Press Release

NASA OIG: NASA’s Decision Process for Conducting Space Launch System Core Stage Testing at Stennis

By SpaceRef Editor
January 8, 2014
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NASA OIG: NASA’s Decision Process for Conducting Space Launch System Core Stage Testing at Stennis

NASA Inspector General Paul Martin today released a report that examines NASA’s decision to conduct core stage testing for the Space Launch System (SLS) rocket on the B-2 test stand at Stennis Space Center (Stennis).  The SLS core stage consists of liquid hydrogen and oxygen fuel tanks, subsystem hardware and avionics, and four engines that will power the Agency’s new heavy lift rocket. 

In July 2008, the NASA Office of Inspector General (OIG) examined allegations that NASA’s plan to build the A-3 test stand at Stennis to test its J-2X engine would duplicate capabilities of an Air Force testing facility in Tennessee.  The OIG found NASA failed to follow both its own internal procedures and the process it had agreed to with the Department of Defense (DOD) to avoid costly duplication of test stands when making decisions where to test rocket engines.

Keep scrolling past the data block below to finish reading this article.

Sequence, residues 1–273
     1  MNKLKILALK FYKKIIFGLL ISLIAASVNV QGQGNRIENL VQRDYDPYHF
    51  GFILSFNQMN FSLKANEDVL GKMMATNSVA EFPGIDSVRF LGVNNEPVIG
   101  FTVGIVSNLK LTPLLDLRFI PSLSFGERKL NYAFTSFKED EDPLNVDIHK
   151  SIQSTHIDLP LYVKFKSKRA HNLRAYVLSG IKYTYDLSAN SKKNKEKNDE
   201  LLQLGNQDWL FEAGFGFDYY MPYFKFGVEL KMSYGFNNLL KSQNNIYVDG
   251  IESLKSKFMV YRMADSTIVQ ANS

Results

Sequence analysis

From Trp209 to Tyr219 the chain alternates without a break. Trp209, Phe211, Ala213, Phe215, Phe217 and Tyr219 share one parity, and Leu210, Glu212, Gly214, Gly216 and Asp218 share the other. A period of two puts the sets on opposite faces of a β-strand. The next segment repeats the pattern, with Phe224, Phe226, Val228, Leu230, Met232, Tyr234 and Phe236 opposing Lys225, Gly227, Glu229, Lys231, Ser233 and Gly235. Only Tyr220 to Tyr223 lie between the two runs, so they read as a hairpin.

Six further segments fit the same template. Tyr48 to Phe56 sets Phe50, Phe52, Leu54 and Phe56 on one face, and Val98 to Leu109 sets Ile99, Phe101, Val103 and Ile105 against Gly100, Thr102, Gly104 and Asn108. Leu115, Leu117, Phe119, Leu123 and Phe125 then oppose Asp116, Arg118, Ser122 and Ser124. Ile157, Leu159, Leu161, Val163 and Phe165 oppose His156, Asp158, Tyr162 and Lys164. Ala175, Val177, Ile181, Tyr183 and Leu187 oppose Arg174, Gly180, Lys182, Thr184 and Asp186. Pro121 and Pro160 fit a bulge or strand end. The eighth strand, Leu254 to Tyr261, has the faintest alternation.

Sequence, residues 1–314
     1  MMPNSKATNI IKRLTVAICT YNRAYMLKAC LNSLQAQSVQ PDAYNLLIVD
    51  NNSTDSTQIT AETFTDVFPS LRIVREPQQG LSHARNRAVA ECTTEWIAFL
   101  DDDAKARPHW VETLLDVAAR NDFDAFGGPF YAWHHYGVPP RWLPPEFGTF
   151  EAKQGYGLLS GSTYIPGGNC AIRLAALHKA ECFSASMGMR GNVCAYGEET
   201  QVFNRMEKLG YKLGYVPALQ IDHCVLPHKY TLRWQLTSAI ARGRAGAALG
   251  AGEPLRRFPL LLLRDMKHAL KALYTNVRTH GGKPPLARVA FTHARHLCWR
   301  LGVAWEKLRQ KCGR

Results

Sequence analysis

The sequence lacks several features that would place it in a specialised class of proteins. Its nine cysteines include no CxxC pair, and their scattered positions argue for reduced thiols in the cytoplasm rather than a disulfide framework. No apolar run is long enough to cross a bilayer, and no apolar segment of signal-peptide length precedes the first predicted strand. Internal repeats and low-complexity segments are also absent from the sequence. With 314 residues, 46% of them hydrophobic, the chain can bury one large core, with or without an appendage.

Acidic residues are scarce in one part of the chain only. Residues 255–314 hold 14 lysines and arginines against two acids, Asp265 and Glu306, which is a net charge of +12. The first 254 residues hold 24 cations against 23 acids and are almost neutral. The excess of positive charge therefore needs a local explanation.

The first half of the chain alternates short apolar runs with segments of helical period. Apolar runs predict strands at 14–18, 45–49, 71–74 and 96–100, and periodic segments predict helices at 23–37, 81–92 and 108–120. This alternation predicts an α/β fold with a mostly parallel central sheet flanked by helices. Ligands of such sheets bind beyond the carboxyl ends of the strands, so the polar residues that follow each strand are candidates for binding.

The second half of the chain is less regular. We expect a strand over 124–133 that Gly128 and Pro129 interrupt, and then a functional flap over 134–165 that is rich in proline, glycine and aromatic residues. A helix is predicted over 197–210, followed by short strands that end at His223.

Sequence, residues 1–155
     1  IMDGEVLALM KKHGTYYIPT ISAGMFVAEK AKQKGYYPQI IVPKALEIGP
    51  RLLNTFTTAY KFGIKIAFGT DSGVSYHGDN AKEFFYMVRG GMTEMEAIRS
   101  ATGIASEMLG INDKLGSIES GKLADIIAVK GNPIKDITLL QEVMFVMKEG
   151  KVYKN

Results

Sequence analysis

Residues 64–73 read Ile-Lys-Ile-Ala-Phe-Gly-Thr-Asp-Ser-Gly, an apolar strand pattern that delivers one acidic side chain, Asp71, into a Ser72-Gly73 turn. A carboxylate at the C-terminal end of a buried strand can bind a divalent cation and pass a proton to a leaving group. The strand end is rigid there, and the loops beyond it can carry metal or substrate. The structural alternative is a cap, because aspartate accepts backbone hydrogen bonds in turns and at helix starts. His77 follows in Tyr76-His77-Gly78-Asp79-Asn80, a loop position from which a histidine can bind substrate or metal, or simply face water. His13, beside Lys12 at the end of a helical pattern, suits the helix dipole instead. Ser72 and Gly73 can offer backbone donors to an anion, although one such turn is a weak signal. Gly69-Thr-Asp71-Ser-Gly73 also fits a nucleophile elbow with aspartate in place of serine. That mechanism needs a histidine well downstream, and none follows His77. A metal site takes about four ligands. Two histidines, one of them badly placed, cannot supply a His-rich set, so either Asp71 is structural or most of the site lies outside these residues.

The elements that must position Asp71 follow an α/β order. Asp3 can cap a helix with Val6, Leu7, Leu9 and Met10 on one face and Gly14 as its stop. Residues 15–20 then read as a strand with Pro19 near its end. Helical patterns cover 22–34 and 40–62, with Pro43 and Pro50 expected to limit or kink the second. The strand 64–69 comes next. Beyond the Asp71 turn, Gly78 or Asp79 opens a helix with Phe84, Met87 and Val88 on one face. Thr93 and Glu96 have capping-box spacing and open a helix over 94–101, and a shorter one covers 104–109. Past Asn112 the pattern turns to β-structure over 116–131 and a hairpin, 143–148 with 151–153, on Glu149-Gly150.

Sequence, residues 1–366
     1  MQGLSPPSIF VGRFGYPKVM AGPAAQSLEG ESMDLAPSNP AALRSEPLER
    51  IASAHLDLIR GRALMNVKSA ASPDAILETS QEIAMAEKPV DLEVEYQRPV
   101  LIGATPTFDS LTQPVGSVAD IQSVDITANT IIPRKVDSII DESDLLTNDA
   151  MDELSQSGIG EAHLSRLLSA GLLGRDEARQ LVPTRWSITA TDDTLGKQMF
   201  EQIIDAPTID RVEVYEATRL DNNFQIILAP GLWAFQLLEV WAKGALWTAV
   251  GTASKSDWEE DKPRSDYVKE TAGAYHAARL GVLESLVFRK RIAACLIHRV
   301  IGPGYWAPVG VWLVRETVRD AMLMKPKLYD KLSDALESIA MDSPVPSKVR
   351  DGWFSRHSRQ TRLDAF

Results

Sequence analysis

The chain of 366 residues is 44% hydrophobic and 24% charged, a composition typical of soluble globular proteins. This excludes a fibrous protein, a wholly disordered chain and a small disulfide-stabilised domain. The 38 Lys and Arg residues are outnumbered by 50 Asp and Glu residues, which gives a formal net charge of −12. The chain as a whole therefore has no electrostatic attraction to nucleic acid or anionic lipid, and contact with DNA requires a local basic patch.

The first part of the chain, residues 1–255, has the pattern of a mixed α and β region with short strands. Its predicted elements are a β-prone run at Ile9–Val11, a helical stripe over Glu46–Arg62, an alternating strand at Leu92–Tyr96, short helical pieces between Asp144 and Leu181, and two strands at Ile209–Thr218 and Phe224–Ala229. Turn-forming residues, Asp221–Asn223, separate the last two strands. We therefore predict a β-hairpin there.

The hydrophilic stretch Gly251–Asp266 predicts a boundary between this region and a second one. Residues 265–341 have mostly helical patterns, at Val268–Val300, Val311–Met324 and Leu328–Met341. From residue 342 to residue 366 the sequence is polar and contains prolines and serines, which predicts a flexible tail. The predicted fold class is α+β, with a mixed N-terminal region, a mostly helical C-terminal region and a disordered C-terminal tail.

Similar to the OIG’s conclusions 5 years ago, the OIG found that NASA failed to follow its internal policies or its agreement with the DOD when it decided to spend approximately $352 million to refurbish and test the SLS core stage on the B-2 test stand at Stennis.  Moreover, the OIG found that NASA did not adequately support its decision given that refurbishing the B-2 stand will be more costly and take longer than two other possible options:  an Air Force test stand at Edwards Air Force Base in California and a test stand at the Marshall Space Flight Center.  In addition, although SLS Program managers spent considerable time and money studying the B-2 option, they gave the joint NASA-DOD testing board minimal time to assess the cost, schedule, and risks of the other test stand options. 

To improve NASA’s ability to make sound rocket propulsion testing decisions, the OIG made several recommendations including that NASA implement a strategy for assuring timely coordination with DOD and adherence to agreed-upon policy.  NASA concurred or partially concurred with recommendations and stated that it is “confident it made the right decision in choosing to conduct SLS core stage testing at B-2” when considering all risks to the core stage and SLS Program. 

The full report can be found on the OIG’s website at under “Reading Room” or at the following link:

SpaceRef staff editor.